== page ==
The Hippodrome: Oh The Cruellest Month Indeed


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This Week In The 'Drome we're all resigning.

Opening Face-Off


Sober vs. Silly: As fans of chronically wretched baseball teams know, there is a certain joy in the late season.

Your team can play spoiler to someone pushing for the playoffs, and the extra roster spots mean a lot of teenagers with weird numbers get playing time with the big club.

The Predators find themselves in the odd place of being out of playoff contention. Which isn't to say these last two weeks are pointless (they may be goalless, but they won't be pointless).

So injured and out-of-it are the Preds, three key forwards are already heading for season-ending surgeries. A handful of other vets may be similarly shut down, which means plenty of opportunities for guys who have spent significant time on the farm. Indeed, on Tuesday, the Predators iced 10 guys who played for the Milwaukee Admirals this season.

It looks like Filip Forsberg, the promising teenaged Swede who was the return from Washington in the Martin Erat trade, may make his way to the Music City, perhaps to play Monday.

See, it's not all bad!

Of course, big questions loom in the offseason, as I wrote in the dead-tree. Are there any free agents worth pursuing, and will they want to be pursued by Nashville? Are there more trades to come? Is Nashville's rebuild long-term, or was this a bump in the road?

It's the kind of thing that'll give ya heartburn if you let it — but tomorrow can worry about tomorrow, as the Good Book says. Find the fun in today (and not just in all the Daniel Bang puns).

The Week Behind


Bison Bailing: Long-time Lipscomb men's basketball coach Scott Sanderson resigned after 14 years leading the Bisons (sic).

It wasn't unexpected, by any stretch of the imagination: He finished up his tenure with a couple of losing seasons. What's interesting, really, is that it took Lipscomb this long into April to let him go. Perhaps Florida Gulf Coast's unexpected success kept him around — after all, he was featured in numerous national stories as the basketball press wanted to speak to the man whose team beat the Eagles twice in the regular season.

A couple of names have floated out already: Belmont assistant Brian Ayers (a Lipscomb alum) and Vandy legend and current CPA coach Drew Maddux. Either would be a fit, although Ayers going from Belmont's bench to Lipscomb's is less of a leap than Maddux jumping from high-school straight to D-I, though that's worked before.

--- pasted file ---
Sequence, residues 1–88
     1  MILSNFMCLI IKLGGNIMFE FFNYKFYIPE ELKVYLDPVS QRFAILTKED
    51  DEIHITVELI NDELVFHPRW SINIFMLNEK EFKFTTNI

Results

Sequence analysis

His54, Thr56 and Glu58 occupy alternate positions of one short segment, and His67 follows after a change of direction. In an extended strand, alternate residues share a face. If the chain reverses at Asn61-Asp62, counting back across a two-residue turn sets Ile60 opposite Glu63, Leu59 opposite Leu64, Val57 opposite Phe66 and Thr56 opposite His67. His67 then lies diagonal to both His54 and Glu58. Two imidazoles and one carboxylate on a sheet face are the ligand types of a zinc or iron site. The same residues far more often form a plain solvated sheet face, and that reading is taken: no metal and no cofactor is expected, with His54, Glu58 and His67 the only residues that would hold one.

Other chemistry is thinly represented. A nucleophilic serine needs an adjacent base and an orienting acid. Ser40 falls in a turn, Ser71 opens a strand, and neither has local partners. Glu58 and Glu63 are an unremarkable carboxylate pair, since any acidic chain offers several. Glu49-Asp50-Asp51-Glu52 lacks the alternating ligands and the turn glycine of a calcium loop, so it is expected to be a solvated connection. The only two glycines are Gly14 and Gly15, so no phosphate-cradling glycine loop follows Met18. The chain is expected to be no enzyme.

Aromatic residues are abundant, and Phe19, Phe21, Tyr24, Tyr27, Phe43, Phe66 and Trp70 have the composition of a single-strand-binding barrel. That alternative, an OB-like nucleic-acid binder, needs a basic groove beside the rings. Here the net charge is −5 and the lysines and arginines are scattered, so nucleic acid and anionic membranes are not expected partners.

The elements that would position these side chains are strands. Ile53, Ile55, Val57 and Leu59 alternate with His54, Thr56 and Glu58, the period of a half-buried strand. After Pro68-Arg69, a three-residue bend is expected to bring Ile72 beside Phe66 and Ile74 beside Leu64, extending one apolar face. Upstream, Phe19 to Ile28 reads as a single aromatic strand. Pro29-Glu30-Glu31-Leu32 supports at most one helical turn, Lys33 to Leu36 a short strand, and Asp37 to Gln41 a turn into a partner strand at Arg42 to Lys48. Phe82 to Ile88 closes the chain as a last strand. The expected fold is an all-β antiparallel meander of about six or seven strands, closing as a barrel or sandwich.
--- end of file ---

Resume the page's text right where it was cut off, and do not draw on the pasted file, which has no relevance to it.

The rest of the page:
The Horrible No Good Very Bad Days: The Predators were oh-fer this week. In a back-to-back, "home" and home with Chicago, the Preds were game in the match-up at Bridgestone Arena, losing 1-0 in front of a crowd that was...bipartisan is a good way to put it. They even played OK on Sunday in the game in the Windy City, losing 5-3.

And then came Tuesday against the Blues. The announced attendance was 15,000-something, but that was being generous. Those that were there and that stayed were quiet and uninterested, though they can hardly be blamed as the 1-0 Blues win was the most aggressively boring professional hockey game I have ever watched in person, surpassing even the depths of somnolence of the now-cliched October 19, 2010 Calgary game.

There was very little to take away from this trio. The Predator defense was, at times, quite effective. In the first and third games, Pekka Rinne was very good. But there are no goals to be had out there, in large part because the Predators forwards really should still be in Milwaukee. There's very little anybody could do about injuries, but this is the fruit of trading draft picks for players at the last few trade deadlines. The backbench is empty.

Garbage Time: Ho hum, another sweep for Vandy baseball. ... Brandt Snedeker finished the day minus-2, four back of the leaders, and Hendersonville native and U.S. Amateur champ Steven Fox closed his round plus-4 — three back of the low amateur — down at Augusta. ... In the Sounds' opener last week, Nashville's Tyler Thornburg pulled off the rare four-strikeouts-in-an-inning....Congrats to Centennial's Aaron O'Neill, taken in the 10th round of the Ontario Hockey League draft in a week when the Jr. Predators U18 and U16 teams finished second in their age groups at the national championships, with the U14s coming in third. ... Another basketball league is going to make a go of it here. ... Three Vandy bowlers named All-America.

Halftime Entertainment